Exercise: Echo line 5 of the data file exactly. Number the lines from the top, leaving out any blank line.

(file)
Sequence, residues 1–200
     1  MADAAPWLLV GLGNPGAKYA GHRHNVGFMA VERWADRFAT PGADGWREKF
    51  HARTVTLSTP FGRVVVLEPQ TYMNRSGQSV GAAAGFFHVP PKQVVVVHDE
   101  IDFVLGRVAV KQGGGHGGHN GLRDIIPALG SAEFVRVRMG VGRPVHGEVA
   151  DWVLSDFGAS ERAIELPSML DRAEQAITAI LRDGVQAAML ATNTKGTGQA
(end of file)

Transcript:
   151  DWVLSDFGAS ERAIELPSML DRAEQAITAI LRDGVQAAML ATNTKGTGQA